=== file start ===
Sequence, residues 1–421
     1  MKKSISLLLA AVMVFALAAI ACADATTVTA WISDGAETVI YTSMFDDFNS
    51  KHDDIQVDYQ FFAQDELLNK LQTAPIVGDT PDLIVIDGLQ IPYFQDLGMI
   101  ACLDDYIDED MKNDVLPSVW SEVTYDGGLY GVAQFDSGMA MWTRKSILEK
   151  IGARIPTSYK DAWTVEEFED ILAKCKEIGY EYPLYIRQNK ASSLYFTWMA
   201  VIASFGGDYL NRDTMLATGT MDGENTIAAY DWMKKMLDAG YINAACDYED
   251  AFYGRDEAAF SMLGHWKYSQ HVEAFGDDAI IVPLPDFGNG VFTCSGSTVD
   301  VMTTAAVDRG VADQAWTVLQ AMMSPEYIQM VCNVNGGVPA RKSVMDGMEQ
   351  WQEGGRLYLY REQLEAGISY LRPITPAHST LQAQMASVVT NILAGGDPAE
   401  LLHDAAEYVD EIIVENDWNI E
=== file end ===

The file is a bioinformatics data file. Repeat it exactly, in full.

Sequence, residues 1–421
     1  MKKSISLLLA AVMVFALAAI ACADATTVTA WISDGAETVI YTSMFDDFNS
    51  KHDDIQVDYQ FFAQDELLNK LQTAPIVGDT PDLIVIDGLQ IPYFQDLGMI
   101  ACLDDYIDED MKNDVLPSVW SEVTYDGGLY GVAQFDSGMA MWTRKSILEK
   151  IGARIPTSYK DAWTVEEFED ILAKCKEIGY EYPLYIRQNK ASSLYFTWMA
   201  VIASFGGDYL NRDTMLATGT MDGENTIAAY DWMKKMLDAG YINAACDYED
   251  AFYGRDEAAF SMLGHWKYSQ HVEAFGDDAI IVPLPDFGNG VFTCSGSTVD
   301  VMTTAAVDRG VADQAWTVLQ AMMSPEYIQM VCNVNGGVPA RKSVMDGMEQ
   351  WQEGGRLYLY REQLEAGISY LRPITPAHST LQAQMASVVT NILAGGDPAE
   401  LLHDAAEYVD EIIVENDWNI E